A two-day conference focused on wildfire preparedness, management and recovery took place in Williams Lake this week.
“We have about 79 attendees from throughout the province who include community forest managers, provincial government staff and researchers,” said Stephanie Ewen, manager of the Alex Fraser Research Forest, the organization who hosted the conference in co-operation with the B.C. Community Forest Association.
Discussions focused on how community forests can be used as a beneficial resource to the BC Wildfire Service, to improve firefighting response and things that can be done to rehab forests more efficiently by working together in fireguard development and quick response to rehabilitation.
“This afternoon we are going to be getting into a new paradigm for silviculture and how to manage our forests for more a resilient state in light of all these wildfires we’ve been having,” Ewen said.
On Tuesday, a draft protocol agreement between the BC Wildfire Service, woodlot licences and community forest agreement holders was released at the conference.
“It’s a formal document that outlines the communication line between all of those to ensure that within our area-based tenures we have more influence on how fires are fought and the BC Wildfire Service has access to some of our resources as well,” Ewen said.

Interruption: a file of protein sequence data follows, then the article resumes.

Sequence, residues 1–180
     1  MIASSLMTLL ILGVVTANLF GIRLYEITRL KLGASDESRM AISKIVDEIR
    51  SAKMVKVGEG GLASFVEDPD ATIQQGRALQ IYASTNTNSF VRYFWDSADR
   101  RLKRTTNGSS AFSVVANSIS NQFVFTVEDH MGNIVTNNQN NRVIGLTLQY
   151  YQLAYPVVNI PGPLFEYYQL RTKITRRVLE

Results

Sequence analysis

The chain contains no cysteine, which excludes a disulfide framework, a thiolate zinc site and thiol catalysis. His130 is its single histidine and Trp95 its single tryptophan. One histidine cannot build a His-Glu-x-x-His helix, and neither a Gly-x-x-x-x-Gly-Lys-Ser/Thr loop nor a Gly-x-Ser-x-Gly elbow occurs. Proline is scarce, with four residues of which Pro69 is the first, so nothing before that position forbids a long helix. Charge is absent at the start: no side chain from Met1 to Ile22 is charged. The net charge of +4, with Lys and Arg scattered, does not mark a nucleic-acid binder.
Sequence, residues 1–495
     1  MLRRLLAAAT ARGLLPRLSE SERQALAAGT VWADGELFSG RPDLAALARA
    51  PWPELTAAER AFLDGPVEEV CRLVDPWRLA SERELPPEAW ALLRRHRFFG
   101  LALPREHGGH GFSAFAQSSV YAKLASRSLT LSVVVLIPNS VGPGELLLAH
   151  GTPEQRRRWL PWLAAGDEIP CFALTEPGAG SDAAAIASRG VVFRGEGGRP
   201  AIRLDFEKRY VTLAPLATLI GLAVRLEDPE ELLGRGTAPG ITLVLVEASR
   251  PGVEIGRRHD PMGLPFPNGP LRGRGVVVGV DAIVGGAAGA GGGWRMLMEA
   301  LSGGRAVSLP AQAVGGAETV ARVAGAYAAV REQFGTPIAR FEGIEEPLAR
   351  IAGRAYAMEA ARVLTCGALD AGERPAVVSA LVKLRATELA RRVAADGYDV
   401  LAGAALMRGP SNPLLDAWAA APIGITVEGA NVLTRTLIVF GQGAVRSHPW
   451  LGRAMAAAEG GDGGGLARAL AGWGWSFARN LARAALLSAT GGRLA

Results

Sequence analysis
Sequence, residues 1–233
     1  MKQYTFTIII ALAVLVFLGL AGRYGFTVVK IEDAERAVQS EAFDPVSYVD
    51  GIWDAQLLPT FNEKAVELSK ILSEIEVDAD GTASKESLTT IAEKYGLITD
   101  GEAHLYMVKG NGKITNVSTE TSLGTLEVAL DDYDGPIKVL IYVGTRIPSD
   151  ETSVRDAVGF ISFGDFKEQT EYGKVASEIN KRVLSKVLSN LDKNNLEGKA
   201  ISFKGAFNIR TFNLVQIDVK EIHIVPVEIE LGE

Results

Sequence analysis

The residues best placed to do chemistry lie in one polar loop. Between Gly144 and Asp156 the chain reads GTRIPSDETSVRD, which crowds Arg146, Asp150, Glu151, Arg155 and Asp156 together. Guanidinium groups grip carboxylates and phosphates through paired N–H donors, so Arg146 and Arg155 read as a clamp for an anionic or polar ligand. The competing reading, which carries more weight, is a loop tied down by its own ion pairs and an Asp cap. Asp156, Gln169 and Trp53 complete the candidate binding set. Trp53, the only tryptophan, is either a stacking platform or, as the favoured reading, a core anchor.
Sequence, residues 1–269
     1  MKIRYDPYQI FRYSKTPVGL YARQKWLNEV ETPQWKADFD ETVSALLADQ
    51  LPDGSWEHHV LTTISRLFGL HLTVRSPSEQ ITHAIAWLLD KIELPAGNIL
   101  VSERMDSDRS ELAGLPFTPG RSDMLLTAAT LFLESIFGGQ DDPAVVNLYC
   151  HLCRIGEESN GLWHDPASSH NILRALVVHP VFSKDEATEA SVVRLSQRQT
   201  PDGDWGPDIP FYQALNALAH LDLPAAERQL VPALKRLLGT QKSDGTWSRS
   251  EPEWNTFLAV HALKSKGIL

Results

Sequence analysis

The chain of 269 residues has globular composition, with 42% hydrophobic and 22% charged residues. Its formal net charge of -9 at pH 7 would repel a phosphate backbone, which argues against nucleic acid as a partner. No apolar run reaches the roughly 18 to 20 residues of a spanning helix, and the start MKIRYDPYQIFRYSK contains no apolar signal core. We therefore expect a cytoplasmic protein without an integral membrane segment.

BC Community Forest Association executive director Jennifer Gunter said community forests are very motivated to be engaged in wildfire management and mitigation trying to protect their communities and also manage forests in a way that brings back resiliency.
“We want to lay out a framework that community forests and woodlots can use in communication with the fire centre staff in their zone,” Gunter said. “It’s based on the four pillars of wildfire management and includes information on prevention, planning and preparedness, response and rehabilitation.”
Gunter said while the protocol agreement is something new, several community forests and woodlot managers would already have good relationships with their local BC Wildfire Service representatives.
“This provides a structure for everybody to use and identify roles and responsibilities so they can really be prepared and respond to fire more effectively and recover from fire more efficiently.”
Graduate students in attendance have been taking notes during the presentations, Ewen said.
“We’ve had short presentations followed by long discussions so we can get some knowledge exchange and questions answered so our grad students are gathering information that we will be able to put together afterwards in a more polished document,” she added.